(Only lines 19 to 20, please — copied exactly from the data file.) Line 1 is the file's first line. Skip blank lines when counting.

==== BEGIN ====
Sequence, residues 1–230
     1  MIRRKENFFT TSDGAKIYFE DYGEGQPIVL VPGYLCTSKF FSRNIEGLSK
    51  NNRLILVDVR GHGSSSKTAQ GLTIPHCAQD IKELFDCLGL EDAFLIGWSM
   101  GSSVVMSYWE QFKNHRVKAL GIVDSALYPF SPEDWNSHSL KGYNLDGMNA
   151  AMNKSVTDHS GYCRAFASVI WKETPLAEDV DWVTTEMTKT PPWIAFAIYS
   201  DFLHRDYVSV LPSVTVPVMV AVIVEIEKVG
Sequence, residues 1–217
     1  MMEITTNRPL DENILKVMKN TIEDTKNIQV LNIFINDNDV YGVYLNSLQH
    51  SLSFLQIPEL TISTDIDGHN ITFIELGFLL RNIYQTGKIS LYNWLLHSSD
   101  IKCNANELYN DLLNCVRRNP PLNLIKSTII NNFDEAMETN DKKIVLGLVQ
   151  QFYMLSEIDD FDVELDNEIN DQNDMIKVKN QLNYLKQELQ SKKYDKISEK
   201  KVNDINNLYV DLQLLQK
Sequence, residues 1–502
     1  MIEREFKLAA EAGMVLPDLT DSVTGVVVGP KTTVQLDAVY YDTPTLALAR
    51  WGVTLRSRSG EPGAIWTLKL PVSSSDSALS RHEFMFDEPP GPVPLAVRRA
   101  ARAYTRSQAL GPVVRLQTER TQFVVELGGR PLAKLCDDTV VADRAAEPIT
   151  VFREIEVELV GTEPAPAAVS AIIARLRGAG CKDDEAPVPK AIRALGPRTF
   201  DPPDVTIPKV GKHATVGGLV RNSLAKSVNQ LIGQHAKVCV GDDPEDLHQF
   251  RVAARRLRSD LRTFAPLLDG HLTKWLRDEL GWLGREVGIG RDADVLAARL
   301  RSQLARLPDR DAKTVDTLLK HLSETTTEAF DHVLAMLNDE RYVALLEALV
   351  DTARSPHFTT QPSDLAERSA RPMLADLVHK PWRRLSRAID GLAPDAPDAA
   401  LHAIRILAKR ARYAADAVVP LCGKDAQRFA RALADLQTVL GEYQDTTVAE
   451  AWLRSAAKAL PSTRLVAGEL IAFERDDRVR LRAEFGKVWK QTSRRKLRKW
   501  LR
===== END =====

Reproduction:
   251  RVAARRLRSD LRTFAPLLDG HLTKWLRDEL GWLGREVGIG RDADVLAARL
   301  RSQLARLPDR DAKTVDTLLK HLSETTTEAF DHVLAMLNDE RYVALLEALV